Moving from Java to Kotlin

Kotlin is a modern, pragmatic language loved by many engineers within Rabobank. Even though the community is quite young and still growing, the adoption rate is steady. To grow faster and increase Kotlin adoption, Rabobank Kotlin Community has developed a training program that not only will help engineers to become experts in Kotlin, but also allow them to become Kotlin Champions: experts who help accelerate Kotlin adoption within Rabobank by providing Kotlin presentations and training sessions. Do you want to join?

Kotlin versus Java

To understand what Kotlin is and why moving from Java to Kotlin makes sense, let’s make a comparison between the two. Then we’ll explore the practical implication of integrating Kotlin into a Java world. And finally, we’ll look at the challenges of expanding the community around it.

What is Java?

Java is a general-purpose statically typed programming language that has been around for decades. Java programs, once built, can run everywhere a Java Virtual Machine (JVM) is installed. It has a big community of engineers all over the world. One of its key benefits is its great backward compatibility. Another benefit is its rich ecosystem. Many libraries, frameworks, and tools are developed around Java to help engineers to create software relatively quickly with less hassle. Many organizations in the world rely on it and are invested in it, such as Amazon, Microsoft, and Google. Rabobank has hundreds of Java engineers working on over 1000 projects (git repositories).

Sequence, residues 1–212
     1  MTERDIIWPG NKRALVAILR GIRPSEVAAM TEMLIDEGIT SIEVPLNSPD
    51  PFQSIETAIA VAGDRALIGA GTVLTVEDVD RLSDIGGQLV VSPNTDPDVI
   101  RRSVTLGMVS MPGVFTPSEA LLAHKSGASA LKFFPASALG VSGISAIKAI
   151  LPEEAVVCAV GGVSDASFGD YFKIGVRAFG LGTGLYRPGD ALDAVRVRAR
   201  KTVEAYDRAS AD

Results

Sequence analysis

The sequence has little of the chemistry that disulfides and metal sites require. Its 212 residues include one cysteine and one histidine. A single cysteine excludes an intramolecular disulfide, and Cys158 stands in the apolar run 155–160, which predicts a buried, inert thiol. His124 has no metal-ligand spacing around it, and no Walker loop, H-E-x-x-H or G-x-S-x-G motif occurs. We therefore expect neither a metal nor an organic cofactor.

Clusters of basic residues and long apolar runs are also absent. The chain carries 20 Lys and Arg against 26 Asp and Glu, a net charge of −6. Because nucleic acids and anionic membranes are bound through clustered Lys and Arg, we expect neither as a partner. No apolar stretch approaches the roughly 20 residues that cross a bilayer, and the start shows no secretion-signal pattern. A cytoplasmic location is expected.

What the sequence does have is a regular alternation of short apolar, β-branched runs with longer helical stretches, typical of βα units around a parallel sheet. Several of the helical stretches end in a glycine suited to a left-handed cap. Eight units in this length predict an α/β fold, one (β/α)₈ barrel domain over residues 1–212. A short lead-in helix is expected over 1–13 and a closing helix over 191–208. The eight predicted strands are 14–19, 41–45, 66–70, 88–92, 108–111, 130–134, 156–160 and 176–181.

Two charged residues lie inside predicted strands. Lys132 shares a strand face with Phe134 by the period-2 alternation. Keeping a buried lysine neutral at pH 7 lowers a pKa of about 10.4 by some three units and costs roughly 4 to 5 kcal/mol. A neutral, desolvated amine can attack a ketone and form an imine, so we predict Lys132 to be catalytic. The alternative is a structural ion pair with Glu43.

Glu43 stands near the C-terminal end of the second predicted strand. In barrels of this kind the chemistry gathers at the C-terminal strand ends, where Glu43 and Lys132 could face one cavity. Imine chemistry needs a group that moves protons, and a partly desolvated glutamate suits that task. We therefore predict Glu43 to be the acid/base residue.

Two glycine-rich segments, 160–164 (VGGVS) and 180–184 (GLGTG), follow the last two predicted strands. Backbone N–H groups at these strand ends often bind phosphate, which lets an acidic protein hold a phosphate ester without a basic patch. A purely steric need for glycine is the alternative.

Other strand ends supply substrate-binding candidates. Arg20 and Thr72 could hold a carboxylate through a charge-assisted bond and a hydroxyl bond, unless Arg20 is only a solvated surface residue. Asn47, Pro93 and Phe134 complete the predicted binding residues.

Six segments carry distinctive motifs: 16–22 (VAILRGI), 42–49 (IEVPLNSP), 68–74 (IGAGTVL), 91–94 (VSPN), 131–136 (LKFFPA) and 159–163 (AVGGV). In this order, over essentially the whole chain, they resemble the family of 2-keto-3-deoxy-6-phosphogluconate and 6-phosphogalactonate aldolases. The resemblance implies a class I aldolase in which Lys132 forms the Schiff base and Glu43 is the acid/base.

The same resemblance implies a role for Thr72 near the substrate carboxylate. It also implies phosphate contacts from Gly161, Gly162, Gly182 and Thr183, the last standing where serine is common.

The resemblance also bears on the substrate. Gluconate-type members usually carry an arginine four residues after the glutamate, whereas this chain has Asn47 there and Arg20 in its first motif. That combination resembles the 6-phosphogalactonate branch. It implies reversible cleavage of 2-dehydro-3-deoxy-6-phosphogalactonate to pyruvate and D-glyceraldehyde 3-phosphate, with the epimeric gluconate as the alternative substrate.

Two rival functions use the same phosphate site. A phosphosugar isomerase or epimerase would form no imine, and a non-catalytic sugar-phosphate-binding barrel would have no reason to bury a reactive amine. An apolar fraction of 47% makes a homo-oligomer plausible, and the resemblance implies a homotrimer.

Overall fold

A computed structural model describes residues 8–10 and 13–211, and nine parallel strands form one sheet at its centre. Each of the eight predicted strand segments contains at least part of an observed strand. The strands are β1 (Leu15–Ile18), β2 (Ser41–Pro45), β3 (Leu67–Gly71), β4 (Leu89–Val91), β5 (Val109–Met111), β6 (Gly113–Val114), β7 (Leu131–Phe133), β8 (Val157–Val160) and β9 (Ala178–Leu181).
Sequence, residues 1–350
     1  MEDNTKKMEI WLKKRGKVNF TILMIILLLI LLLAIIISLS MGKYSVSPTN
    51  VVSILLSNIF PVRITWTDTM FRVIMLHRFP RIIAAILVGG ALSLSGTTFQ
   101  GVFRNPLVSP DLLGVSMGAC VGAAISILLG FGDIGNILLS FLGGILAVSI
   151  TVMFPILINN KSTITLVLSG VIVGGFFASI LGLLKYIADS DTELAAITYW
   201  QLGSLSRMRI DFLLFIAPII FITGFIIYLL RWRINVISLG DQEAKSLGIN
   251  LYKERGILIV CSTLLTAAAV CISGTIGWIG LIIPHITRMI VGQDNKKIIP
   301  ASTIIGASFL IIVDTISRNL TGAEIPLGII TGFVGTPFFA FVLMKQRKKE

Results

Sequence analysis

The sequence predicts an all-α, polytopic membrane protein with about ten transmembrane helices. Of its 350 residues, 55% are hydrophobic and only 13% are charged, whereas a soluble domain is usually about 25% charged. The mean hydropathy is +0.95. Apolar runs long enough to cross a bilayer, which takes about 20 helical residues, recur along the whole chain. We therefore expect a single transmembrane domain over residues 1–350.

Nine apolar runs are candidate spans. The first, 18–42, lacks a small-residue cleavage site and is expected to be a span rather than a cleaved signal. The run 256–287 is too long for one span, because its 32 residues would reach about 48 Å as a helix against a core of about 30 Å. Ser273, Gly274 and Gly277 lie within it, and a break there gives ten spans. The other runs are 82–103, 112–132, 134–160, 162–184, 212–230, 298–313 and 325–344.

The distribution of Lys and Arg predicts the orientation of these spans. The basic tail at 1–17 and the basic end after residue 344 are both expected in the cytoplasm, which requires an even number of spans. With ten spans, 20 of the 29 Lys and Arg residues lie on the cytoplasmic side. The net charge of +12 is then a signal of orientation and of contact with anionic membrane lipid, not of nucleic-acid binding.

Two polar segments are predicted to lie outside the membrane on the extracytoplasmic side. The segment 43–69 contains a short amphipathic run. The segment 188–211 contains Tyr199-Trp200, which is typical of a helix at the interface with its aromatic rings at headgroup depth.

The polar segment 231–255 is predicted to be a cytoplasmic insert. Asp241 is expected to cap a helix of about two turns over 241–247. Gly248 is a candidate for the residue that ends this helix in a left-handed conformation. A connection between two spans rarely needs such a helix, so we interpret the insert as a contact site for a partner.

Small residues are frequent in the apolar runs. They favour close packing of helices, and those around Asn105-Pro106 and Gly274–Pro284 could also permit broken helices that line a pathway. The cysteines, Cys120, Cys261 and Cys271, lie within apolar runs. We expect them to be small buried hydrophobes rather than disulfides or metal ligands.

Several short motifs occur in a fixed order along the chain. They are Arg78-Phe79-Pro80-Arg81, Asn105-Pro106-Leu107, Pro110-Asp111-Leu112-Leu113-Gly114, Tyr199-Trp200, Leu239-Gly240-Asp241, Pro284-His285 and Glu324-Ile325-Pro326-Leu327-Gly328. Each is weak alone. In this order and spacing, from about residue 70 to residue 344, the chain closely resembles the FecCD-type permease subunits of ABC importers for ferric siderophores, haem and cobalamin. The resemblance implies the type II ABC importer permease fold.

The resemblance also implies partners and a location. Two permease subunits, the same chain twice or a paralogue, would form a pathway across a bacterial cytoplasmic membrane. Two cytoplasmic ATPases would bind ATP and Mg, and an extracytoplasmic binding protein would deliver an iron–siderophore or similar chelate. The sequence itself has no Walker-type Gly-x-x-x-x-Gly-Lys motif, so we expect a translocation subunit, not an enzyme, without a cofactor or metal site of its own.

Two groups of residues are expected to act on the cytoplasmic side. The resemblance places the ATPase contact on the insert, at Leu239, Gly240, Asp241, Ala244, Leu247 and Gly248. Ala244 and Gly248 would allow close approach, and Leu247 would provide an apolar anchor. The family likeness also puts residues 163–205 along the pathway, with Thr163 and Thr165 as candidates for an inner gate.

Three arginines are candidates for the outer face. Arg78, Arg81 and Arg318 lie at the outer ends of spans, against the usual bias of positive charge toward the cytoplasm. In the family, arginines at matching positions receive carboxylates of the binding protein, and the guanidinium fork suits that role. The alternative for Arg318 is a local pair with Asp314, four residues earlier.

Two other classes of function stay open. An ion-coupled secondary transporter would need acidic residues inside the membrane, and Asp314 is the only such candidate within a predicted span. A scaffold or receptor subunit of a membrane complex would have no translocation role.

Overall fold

Why you should move from Java to Kotlin

Java is stable and has a rich ecosystem, so why move to Kotlin, right? I’m here to tell you why you should definitely consider using Kotlin. Like Java, Kotlin is a general-purpose statically typed language on the JVM. What makes Kotlin different is that, at heart, it is a pragmatic language. That means it was created with real-life use cases in mind, such as being interoperable with existing Java code and infrastructure. And the language will evolve to stay relevant and modern, by not only adding new features, but also retiring ones that are outdated. Kotlin offers what they call Comfortable Updates. Breaking changes will be announced ahead of time, and things that will disappear from the language will be marked deprecated. Tools are provided to migrate automatically. All before the change happens. [1]

Java was originally designed in the 90s for interactive television. Java has grown since then and accumulated a lot of legacies. Due to the nature of always wanting to be backward compatible, the language is evolving quite slowly. Even with the new rapid release cycle, other languages like Kotlin are still ahead of it. When designing Kotlin, the creators did not try to reinvent the wheel. Instead, they had a careful look at other languages such as Java, Scala, C#, etc. But rather than just recycling things from other languages, they improved upon them.